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A Regulatory Game Between Major Powers

Oct 18, 2021
  • Zhang Monan

    Deputy Director of Institute of American and European Studies, CCIEE

As games between China and the United States become more complicated, the listing of China concepts stock (CCS) in the U.S. is emerging as the next big risk. The adoption of the variable interest entity structure, or VIE, in particular, is storing up trouble in the form of potential regulatory conflicts.

A series of policies in the U.S. has made life much more difficult for CCS companies, as tensions between the two great powers increase. The Donald Trump administration restricted trade in the publicly traded securities of certain Chinese companies, purportedly identified as touching on national security. On March 24 this year, the U.S. Securities and Exchange Commission adopted interim final amendments to implement the congressionally mandated submission and disclosure requirements of the Holding Foreign Companies Accountable Act. Under the new law, companies that fail to satisfy the Public Company Accounting Oversight Board’s requirement to inspect their audit firms for three consecutive years will be delisted. On Aug. 17, SEC Chairman Gary Gensler said via his social media account that he had asked SEC personnel to stop processing Chinese companies’ registrations for U.S. IPOs through the VIE structure. CCS seem to be facing an emerging systemic risk.

The VIE structure is adopted by many CCS companies. It’s also known as agreement-based control. The structure includes domestic and foreign parts. The actual controller first creates a domestic enterprise in China and then sets up a company in the British Virgin Islands or Cayman Islands for future listing. The latter company subsequently establishes a wholly owned subsidiary outside of China, which then sets up a wholly foreign-owned enterprise in China. These are the four physical parts of the VIE structure.

According to incomplete data, at least 220 of the 285 CCS companies listed on the NASDAQ and New York Stock Exchange have VIE structures. In addition, all U.S.-listed CCS entities captured in the MSCI China All Shares Index use VIE structures and are mainly found in the internet and consumer industries.

In recent years, the VIE structure has become an important target for U.S. regulators. In their view, the legal status of the VIE structure in China is not clear and its legality is in doubt. The structure thus comes with a risk of regulatory prohibitions. This inherent defect has become a useful leverage for the U.S. to deliberately target and challenge China. In addition, inadequate disclosure by some Chinese companies and lax regulatory standards at places of registration have led to short sales, group litigation and indemnity claims in recent years.

The risks and disputes over the listing of VIE structures reflect regulatory conflicts and differences between China and U.S. On one hand, the American securities regulator argues for independent enforcement activities in China and inspection of Chinese accounting firms on the basis of U.S. laws. The Chinese side maintains — because of sovereignty and security considerations — that the U.S. needs to rely on the regulatory enforcement activities of its Chinese counterpart, or the two sides may engage in consultations and joint inspections.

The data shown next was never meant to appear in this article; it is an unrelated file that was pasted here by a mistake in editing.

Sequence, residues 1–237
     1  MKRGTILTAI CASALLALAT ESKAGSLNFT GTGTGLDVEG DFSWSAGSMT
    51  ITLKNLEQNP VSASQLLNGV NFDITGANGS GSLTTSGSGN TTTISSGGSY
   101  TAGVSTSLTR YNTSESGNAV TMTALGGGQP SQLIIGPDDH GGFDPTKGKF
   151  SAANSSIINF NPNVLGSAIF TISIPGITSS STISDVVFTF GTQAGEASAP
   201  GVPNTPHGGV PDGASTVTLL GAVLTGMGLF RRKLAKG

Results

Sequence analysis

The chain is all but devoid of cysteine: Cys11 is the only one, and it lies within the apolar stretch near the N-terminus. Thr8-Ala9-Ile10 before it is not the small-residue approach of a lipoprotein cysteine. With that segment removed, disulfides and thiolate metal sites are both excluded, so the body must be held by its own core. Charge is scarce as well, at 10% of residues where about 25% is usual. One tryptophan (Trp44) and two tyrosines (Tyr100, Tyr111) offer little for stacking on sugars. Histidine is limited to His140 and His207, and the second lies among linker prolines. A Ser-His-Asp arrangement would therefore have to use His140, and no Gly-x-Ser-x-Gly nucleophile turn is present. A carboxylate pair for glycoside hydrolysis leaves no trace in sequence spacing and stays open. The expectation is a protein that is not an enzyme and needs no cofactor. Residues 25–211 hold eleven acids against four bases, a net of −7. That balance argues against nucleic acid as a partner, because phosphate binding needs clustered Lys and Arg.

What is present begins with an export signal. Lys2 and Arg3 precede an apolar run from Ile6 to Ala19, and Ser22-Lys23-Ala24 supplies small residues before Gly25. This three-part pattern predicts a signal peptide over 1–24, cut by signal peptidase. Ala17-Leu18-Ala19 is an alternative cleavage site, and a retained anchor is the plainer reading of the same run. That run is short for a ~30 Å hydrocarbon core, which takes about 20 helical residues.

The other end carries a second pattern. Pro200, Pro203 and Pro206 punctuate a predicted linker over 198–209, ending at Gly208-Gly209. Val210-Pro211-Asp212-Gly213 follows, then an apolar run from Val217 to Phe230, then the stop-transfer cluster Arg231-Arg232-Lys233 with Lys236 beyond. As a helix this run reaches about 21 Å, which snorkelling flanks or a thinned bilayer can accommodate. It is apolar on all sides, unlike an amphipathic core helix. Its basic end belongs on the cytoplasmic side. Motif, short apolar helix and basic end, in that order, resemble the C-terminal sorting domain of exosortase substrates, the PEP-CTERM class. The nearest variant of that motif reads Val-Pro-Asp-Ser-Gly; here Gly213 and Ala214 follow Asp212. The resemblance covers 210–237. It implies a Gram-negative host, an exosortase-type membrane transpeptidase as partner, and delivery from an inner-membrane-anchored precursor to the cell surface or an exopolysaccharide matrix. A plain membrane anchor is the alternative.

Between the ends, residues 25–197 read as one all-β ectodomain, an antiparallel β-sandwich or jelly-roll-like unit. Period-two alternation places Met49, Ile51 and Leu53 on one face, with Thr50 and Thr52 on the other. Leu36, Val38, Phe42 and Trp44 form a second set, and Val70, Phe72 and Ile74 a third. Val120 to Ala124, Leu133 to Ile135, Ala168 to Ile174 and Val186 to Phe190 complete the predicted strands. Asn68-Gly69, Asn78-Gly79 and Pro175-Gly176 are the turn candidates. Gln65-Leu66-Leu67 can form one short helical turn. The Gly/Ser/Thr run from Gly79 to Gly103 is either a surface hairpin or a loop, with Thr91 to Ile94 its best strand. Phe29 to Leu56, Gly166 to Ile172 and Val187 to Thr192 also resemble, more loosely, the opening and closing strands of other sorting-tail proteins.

On the other hand, the U.S. SEC and the oversight board want direct access to the audit working papers of companies in China, while Chinese law contains strict rules limiting the release of audit working papers to overseas regulators. Some audit working papers may contain sensitive information. It is not in China’s national interest to submit such papers.

In the future, if such conflicts and disagreements are not effectively resolved, the U.S. is likely to use further regulatory tools to deter Chinese companies from financing in the U.S. In this situation, it will be necessary for China to clarify the legitimacy of the VIE structure, strengthen coordination between regulation and justice, actively expand diverse domestic financing channels and open the internet and other service sectors wider to fundamentally eliminate regulatory arbitrage.

Overseas listing is an important reflection of globalization. To protect the rights and interests of global investors, it is essential to engage all parties in making rules, solving problems and complying with laws. There is a need and a basis for China-U.S. cooperation in effectively safeguarding the rights and interests of investors. Chinese regulators and competent departments should actively assist the American side in improving the quality of financial audits of Chinese companies listed in the U.S. The China Securities Regulatory Commission also needs the support of American securities regulators and accounting firms in cross-border auditing and regulatory cooperation.

The service sector in China should also be more open to the outside world. One reason for VIE structure listing in the U.S. has been the inadequate openness of the service market. The level of openness in manufacturing is already fairly high, with almost all restrictions on market access and foreign shares removed. But there are still many restrictions on service sector access, especially in telecommunications, digital services, culture, education and healthcare. In this connection, the country should prioritize the opening of the service sector and thus fundamentally eliminate regulatory arbitrage.

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